Saturday, April 27, 2013

City Theater Company’s 19th Season Rolls to a Close with the Outlandish Xanadu

Photo by Joe del Tufo
By Guest Blogger, Amanda Curry

As a child of the '80s (1984, to be exact), I was pretty ‘psych’ed ('80s slang here is vital) to learn that Xanadu at CTC involves roller skates, Greek mythology converging with pop culture, and a whole lotta camp. Camp is good, as long as you know what you’re in for.  Come to the Black Box expecting an enlightening and Earth-shattering theatrical awakening — and this is definitely not the show for you.  But, if you’re ready for the ridiculous, over-the-top, so bad-it’s-good, spandex-y roller derby that is Xanadu, you’re in for a treat. Just be sure to bring your legwarmers (I’m actually not kidding. Donning '80s gear appears to be encouraged). 

Xanadu marks City Theater Company’s last show in its 19th season and is based on the 1980 Olivia Newton-John cult classic movie of the same name.  The fluffy plot focuses on a Greek muse named Clio, played by the exuberant Jenna Kuerzi (last seen in December at CTC as Shelley in  Bat Boy: The Musical) who comes from Mt. Olympus to Venice Beach, California in 1980 on a mission to inspire the struggling — and comically suicidal — mural artist, Sonny Malone.  Sonny is played by the bright-eyed Billy Kametz, who steals the show with his charming Ralph Macchio physique, boy band-esque voice and “jorts”. (Yes, that’s jeans+shorts.)  Clio shares with her posse of Grecian muse sisters her plans to disguise herself as an Australian roller girl named Kira — complete with a horrendous accent — and appeal to the mortal Sonny in an effort to inspire his art.

Photo by Joe del Tufo
Jealous sisters Calliope and Melpomene conspire to make Clio/Kira fall in love with doe-eyed Sonny and risk eternal banishment into the underworld by Zeus.  The two plotting sisters are played by the other two stand-out performers of the evening: The hilarious Dylan Geringer as Calliope who has all the comic timing of Kirsten Wiig (and pretty bitchin’ dance moves) and Ann Pinto, who boasts a killer voice, as Melpomene.  The most hilariously ridiculous moment of the show is when Calliope backs up her sister in the song “Evil Woman”...Both 'robot’ and ‘running man’ dance moves make appearances.  Need I say more?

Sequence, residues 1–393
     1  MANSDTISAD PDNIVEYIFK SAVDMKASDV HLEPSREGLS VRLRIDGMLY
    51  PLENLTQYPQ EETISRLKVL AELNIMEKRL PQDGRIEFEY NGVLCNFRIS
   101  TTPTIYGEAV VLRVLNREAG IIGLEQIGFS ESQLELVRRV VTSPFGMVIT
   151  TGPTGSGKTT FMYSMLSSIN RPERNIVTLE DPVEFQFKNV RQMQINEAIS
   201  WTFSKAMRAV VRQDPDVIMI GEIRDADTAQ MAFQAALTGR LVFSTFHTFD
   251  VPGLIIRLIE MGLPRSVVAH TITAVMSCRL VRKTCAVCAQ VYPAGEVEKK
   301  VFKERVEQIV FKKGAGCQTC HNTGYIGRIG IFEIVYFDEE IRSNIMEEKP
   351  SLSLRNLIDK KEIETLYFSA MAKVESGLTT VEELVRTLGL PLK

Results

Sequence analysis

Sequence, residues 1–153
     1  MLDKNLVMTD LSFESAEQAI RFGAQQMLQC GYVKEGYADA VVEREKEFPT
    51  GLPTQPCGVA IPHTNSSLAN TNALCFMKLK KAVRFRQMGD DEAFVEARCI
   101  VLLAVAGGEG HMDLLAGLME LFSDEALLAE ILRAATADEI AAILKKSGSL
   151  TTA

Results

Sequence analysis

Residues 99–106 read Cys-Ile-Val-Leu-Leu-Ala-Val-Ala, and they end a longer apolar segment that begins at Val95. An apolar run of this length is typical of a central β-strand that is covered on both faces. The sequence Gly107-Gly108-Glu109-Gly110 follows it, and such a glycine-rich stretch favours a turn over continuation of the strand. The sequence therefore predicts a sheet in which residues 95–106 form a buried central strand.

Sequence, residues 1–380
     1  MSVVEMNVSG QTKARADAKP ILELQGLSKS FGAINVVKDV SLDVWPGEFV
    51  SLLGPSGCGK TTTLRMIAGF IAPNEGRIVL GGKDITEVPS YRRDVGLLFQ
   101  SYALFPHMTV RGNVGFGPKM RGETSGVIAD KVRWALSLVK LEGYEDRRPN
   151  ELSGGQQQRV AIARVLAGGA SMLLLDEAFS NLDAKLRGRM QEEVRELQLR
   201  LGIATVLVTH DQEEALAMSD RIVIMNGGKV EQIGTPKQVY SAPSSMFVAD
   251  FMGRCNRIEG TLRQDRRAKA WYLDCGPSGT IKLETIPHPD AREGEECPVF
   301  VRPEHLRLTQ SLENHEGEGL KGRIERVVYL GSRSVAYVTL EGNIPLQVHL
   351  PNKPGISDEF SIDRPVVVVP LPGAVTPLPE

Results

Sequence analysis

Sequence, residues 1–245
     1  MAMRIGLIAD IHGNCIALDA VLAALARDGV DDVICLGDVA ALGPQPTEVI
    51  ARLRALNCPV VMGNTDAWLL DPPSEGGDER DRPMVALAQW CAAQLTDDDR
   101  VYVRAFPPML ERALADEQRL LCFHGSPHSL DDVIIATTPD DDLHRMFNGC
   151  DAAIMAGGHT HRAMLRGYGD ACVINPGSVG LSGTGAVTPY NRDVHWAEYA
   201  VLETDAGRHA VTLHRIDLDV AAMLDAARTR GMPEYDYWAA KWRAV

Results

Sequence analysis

CTC Producing Artistic Director Michael Gray directs this nine-person roller extravaganza (every part is double-cast with the exception of the primary leads), with musical direction by Joe Trainor and choreography by Dawn Morningstar.  Spatially, the stage is set up almost in the round, with a ramp dividing two parts of the audience and a raised platform in the front. A separate playing space is utilized to the left, all with columns and black cloth that are pulled to reveal the mirrored, shimmering disco — Xanadu — that Clio/Kira inspires Sonny to open.  The end of the show culminates in Zeus lifting Clio’s banishment and, you guessed it, the two lovers reuniting.  But not before Clio/Kira makes a grand entrance on a foam Pegasus pulled by a sassy attendant and the entire cast comes out on roller skates for a final dance party extravaganza. (Complete with a minotaur with pierced nipples.  Also, not kidding.) 

Musically, the band was spot-on and the voices and harmonies were on point.  Additionally, the choreography was quite seamless; not an easy feat when the central character is on roller skates for the majority of the show.  Perhaps the most enjoyable element is that this show winks at its own ridiculousity throughout, even referencing its own double-casting and offering more tongue-in-cheek pop-culture references in one evening than one could possibly imagine.

In short, Xanadu is a whole lot of crazy and a whole lot of fun! Xanadu runs through May 11 at CTC's 'home', The Black Box at OperaDelaware Studios, 4 S. Poplar Street, on the Wilmington waterfront.  Tickets are available online at city-theater.org or at the box office on show nights, but cash or check only are accepted onsite.

See www.city-theater.org.

3 comments:

  1. Roller blades all over the world are used for either sports or as a recreational activity. It has undergone a lot of changes in shapes, sizes and the functional aspect since its invention. It took birth as an alternative to the traditional ice skates to be used during the summer season when there is no snow. There are many variations in the roller blade skates that are being renewed every day.

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  2. Look at funny. Thanks for share

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